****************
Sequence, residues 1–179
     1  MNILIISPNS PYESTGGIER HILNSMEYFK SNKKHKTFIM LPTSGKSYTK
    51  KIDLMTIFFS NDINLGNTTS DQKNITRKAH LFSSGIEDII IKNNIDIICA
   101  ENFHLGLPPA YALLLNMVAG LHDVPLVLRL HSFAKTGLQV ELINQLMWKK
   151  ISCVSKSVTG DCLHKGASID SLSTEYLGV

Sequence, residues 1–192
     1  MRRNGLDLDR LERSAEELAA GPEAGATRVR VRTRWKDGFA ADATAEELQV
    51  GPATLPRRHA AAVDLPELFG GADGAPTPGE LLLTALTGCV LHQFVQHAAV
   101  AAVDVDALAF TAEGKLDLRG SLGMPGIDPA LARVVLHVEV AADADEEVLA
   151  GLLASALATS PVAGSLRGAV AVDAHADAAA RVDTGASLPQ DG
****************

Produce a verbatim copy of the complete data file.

Sequence, residues 1–179
     1  MNILIISPNS PYESTGGIER HILNSMEYFK SNKKHKTFIM LPTSGKSYTK
    51  KIDLMTIFFS NDINLGNTTS DQKNITRKAH LFSSGIEDII IKNNIDIICA
   101  ENFHLGLPPA YALLLNMVAG LHDVPLVLRL HSFAKTGLQV ELINQLMWKK
   151  ISCVSKSVTG DCLHKGASID SLSTEYLGV

Sequence, residues 1–192
     1  MRRNGLDLDR LERSAEELAA GPEAGATRVR VRTRWKDGFA ADATAEELQV
    51  GPATLPRRHA AAVDLPELFG GADGAPTPGE LLLTALTGCV LHQFVQHAAV
   101  AAVDVDALAF TAEGKLDLRG SLGMPGIDPA LARVVLHVEV AADADEEVLA
   151  GLLASALATS PVAGSLRGAV AVDAHADAAA RVDTGASLPQ DG